Dhe grand mogul sits in his velvet-covered throne chair on a marble platform, flanked by four chamberlains with staffs and servants with palm fronds. He holds the mouthpiece of a gilded hookah that stands behind him and stares straight ahead. In his line of sight, separated from the ruler of northern India by a flower arrangement, are four musicians; two carry drums on strings around their bodies, a third holds a sarangi, a string instrument carved from a block of wood and strung with three melody and more than thirty resonance strings.
The fourth is a dancer. He appears to be motionless, only his left arm is raised in greeting. He will soon begin with the Kathak, a dance that has been performed at the Mogulhof since the sixteenth century and combines Hindu-religious with secular themes. The scene is of great solemnity, everyone present wears ankle-length, laterally slit colored robes over wide paijama trousers and flat turbans or, like the servants, round brass helmets. Only the Padischah wears a half-high red turban. And he is – you can see it by his gray beard – the oldest in the group.
A legacy that remains puzzling to this day
The scene is an ivory miniature, sixteen by twelve centimeters in size, and it is one of the highlights of the exhibition “The Other Great Mughal”, with which the Dresden Museum of Decorative Arts presents its Indian treasures in the New Green Vault of the Residenzschloss. Some of the approximately one hundred exhibits come from the foundation of Mary Adelaide Yates, the daughter of an English lieutenant general, who served in the army of the semi-state East India Company in the first half of the nineteenth century.
The circumstances surrounding the gift that the Kingdom of Saxony received in 1900 from the estate of the London teacher Yates are still puzzling. The patron obviously had an aversion to her home country; in any case, she made a testamentary obligation to the Saxon state to ensure that none of the objects ever returned to England.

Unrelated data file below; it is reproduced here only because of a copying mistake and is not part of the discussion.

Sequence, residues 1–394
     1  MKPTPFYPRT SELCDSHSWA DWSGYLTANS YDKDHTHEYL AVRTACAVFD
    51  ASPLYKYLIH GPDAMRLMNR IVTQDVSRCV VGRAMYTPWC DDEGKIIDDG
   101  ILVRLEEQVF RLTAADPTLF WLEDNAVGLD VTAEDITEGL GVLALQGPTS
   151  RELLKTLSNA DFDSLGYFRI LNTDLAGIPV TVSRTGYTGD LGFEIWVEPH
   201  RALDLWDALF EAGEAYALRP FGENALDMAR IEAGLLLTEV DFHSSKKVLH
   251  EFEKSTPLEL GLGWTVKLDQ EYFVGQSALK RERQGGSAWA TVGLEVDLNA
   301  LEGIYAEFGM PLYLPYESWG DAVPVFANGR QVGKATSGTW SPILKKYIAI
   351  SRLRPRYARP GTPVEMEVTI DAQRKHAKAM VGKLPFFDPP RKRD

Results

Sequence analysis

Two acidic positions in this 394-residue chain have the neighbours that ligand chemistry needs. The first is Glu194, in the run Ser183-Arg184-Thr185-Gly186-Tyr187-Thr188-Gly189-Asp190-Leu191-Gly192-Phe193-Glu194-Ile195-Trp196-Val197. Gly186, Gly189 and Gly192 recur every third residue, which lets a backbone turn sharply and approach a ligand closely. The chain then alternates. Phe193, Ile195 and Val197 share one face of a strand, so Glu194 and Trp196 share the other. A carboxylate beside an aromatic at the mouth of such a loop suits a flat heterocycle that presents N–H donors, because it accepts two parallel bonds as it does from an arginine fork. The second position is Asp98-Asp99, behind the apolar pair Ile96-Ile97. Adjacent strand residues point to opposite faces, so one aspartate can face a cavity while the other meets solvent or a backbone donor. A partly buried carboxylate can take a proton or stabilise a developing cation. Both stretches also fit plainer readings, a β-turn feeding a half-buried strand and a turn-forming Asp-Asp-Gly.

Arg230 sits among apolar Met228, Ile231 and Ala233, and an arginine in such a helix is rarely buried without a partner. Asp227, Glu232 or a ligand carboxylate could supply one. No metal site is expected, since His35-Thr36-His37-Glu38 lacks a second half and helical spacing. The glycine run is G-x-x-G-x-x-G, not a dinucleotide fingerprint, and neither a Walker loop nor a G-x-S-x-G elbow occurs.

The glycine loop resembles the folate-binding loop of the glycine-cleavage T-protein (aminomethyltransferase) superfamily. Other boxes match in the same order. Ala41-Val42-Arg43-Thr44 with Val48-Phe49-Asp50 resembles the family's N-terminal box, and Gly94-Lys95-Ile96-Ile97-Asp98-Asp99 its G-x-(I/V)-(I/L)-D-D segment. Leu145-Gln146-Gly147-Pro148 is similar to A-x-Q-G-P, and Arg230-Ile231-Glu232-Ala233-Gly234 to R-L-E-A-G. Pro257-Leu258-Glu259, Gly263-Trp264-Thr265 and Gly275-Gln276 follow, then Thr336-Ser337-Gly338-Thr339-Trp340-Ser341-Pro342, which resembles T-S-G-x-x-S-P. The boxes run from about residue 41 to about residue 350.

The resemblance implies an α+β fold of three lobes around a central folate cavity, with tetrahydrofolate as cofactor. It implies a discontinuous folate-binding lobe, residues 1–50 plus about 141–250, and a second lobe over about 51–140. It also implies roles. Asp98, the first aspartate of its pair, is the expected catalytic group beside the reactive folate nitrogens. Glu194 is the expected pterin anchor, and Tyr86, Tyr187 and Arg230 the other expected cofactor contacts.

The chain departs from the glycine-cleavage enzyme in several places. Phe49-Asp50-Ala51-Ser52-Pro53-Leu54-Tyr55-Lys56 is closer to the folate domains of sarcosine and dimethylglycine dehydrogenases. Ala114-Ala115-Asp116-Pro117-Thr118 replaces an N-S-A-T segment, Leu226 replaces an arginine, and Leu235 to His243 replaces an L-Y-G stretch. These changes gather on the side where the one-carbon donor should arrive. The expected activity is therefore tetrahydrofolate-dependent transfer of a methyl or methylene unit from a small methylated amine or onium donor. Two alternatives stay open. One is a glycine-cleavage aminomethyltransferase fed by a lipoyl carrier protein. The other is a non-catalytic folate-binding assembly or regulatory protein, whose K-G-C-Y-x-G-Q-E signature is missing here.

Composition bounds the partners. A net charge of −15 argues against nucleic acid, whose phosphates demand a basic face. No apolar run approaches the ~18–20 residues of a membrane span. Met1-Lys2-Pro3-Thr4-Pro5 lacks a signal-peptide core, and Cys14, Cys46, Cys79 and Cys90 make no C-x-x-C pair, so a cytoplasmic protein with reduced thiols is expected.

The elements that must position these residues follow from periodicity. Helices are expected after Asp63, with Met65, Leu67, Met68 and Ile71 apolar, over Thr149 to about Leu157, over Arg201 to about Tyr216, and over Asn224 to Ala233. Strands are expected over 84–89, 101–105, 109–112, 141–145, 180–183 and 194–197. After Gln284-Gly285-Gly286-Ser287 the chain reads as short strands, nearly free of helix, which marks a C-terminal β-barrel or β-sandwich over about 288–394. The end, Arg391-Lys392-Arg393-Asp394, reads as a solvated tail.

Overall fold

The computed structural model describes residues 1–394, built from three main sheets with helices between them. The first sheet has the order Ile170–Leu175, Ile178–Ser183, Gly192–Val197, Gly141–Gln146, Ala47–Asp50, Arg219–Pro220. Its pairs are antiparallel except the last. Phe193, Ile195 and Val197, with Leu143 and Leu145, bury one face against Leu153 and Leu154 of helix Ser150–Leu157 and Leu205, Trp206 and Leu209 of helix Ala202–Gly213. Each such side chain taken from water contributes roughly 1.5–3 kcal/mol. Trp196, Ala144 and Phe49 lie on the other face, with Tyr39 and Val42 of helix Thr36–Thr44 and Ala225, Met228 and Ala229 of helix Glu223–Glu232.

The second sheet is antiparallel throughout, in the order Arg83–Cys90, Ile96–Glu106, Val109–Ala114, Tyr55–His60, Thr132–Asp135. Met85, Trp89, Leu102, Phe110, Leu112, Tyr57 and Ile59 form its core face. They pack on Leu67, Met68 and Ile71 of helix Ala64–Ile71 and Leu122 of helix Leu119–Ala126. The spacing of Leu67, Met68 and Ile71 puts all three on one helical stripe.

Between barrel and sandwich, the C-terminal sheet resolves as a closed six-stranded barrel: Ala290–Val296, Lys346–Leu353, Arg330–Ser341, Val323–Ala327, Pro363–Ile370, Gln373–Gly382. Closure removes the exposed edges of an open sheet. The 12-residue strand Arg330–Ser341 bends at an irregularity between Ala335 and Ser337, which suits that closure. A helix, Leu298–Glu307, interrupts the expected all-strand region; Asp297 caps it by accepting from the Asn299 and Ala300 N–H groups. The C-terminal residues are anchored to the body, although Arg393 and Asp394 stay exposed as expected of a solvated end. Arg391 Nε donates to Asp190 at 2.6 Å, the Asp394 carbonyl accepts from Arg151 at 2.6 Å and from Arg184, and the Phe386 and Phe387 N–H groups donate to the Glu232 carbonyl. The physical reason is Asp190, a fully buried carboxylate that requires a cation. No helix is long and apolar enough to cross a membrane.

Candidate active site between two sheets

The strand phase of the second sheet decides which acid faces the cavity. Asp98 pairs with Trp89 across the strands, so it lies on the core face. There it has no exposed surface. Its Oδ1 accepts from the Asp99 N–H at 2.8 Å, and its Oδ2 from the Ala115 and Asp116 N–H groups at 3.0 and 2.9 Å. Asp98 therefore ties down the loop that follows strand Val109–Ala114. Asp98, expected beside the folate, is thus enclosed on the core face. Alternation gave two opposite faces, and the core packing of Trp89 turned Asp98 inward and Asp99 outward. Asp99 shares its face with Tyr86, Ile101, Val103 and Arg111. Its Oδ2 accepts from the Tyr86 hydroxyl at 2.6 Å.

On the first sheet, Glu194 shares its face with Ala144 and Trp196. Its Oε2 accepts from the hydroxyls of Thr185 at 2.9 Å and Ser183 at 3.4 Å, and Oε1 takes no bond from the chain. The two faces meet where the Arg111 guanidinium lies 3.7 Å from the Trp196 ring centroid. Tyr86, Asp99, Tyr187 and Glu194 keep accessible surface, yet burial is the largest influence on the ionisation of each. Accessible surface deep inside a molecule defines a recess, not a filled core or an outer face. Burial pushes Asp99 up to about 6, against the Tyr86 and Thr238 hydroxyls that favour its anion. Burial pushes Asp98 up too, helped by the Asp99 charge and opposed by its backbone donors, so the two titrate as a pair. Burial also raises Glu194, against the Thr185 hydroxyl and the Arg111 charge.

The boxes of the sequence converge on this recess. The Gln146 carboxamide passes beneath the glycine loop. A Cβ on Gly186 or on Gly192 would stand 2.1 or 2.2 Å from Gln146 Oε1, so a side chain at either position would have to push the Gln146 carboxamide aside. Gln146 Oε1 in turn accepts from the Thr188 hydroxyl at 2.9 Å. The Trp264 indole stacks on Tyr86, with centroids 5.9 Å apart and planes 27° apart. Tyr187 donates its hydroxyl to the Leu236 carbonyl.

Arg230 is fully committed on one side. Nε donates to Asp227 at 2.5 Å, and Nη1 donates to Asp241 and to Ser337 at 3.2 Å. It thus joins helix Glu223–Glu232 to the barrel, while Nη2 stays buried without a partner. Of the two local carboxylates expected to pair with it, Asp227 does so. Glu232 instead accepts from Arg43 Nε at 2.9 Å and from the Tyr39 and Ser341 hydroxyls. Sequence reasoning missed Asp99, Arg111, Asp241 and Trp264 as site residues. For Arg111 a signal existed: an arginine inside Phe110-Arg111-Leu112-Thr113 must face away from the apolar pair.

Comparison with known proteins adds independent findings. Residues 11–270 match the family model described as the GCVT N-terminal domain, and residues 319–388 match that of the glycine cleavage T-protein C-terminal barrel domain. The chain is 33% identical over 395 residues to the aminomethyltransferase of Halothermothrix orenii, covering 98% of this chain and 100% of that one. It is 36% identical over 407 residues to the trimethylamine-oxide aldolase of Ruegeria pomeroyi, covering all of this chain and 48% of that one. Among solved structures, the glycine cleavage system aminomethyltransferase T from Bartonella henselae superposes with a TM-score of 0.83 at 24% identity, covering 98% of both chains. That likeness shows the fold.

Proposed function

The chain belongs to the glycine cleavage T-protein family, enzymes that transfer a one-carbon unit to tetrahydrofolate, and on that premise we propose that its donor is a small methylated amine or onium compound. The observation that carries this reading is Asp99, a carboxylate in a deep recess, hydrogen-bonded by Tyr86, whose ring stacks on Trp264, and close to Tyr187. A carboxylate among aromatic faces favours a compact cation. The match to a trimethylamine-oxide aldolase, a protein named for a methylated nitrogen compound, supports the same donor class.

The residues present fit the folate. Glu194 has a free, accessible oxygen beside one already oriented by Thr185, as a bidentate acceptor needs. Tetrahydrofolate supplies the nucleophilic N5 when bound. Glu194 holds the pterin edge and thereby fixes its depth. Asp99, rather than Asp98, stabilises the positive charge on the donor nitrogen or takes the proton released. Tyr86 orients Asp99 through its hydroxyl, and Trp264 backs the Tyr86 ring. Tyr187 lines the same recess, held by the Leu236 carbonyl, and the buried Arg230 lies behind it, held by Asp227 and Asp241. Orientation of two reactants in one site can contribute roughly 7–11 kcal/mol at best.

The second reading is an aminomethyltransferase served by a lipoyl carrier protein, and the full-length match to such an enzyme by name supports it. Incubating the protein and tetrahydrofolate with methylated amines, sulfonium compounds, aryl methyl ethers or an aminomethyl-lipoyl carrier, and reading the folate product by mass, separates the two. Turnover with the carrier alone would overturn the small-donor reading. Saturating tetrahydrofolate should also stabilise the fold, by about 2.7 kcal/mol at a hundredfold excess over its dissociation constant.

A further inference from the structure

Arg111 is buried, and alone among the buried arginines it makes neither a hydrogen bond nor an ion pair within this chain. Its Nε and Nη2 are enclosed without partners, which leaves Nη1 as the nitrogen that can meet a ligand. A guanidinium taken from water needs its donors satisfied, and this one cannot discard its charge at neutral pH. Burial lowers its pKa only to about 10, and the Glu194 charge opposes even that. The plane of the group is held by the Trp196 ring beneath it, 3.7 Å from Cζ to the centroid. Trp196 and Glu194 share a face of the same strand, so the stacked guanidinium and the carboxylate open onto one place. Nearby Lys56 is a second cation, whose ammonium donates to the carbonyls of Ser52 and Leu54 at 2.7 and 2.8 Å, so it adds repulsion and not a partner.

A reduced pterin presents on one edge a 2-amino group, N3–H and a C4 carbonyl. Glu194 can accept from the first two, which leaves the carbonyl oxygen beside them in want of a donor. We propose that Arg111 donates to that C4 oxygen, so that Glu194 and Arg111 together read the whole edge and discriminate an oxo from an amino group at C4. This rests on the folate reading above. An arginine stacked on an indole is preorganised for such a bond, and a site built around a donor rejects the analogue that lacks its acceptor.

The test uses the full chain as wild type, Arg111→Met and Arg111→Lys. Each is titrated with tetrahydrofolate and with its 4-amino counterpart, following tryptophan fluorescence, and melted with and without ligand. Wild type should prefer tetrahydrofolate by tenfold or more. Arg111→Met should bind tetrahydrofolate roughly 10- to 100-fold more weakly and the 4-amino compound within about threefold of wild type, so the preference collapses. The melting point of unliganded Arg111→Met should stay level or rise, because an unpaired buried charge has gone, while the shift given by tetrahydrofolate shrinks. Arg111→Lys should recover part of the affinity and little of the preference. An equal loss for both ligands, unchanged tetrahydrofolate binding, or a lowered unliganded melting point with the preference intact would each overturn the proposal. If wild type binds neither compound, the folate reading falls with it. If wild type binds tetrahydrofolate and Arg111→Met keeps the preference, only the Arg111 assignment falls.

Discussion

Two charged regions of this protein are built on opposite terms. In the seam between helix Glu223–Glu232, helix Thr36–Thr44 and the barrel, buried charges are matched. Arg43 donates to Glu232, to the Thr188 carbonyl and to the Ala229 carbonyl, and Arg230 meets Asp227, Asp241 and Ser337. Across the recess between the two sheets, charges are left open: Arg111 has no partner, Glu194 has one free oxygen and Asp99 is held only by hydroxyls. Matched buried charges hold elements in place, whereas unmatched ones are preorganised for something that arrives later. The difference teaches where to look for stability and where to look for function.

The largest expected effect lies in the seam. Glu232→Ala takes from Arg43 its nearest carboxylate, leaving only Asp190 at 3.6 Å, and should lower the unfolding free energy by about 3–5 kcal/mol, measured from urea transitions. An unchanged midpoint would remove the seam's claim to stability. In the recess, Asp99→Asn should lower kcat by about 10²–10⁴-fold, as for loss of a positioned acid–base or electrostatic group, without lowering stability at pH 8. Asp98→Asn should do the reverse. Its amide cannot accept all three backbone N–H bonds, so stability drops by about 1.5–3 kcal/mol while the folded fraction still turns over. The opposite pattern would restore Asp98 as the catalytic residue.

Or did she take revenge on her father in this way? As the Dresden cabinet exhibition shows, Richard Hassel’s Yates (1777 to 1847) was not only a lover, but a connoisseur of Indian handicrafts, because he only collected the best of everything: ivory carvings, painted miniatures, alabaster works and watercolors. Most conjured up a better past, because at the beginning of the nineteenth century the Mughal Empire of Delhi was only a shadow of itself. Wars and civil unrest had worn down its exemplary administrative and military apparatus and when the troops of the East India Company occupied Delhi in 1803 , the penultimate Mughal ruler Muhammad Akbar II became the puppet emperor under British leadership.
The lion of the Punjab and his diamond
Art blossomed all the more intensely: views of tombs and fortifications of the Great Moguls were painted on ivory tiles, lifelike carved figures arranged into courtly ensembles. The transfiguring light of nostalgia also fell on the adversaries of the Mughal Empire, as evidenced by a second outstanding group of figures from the exhibition.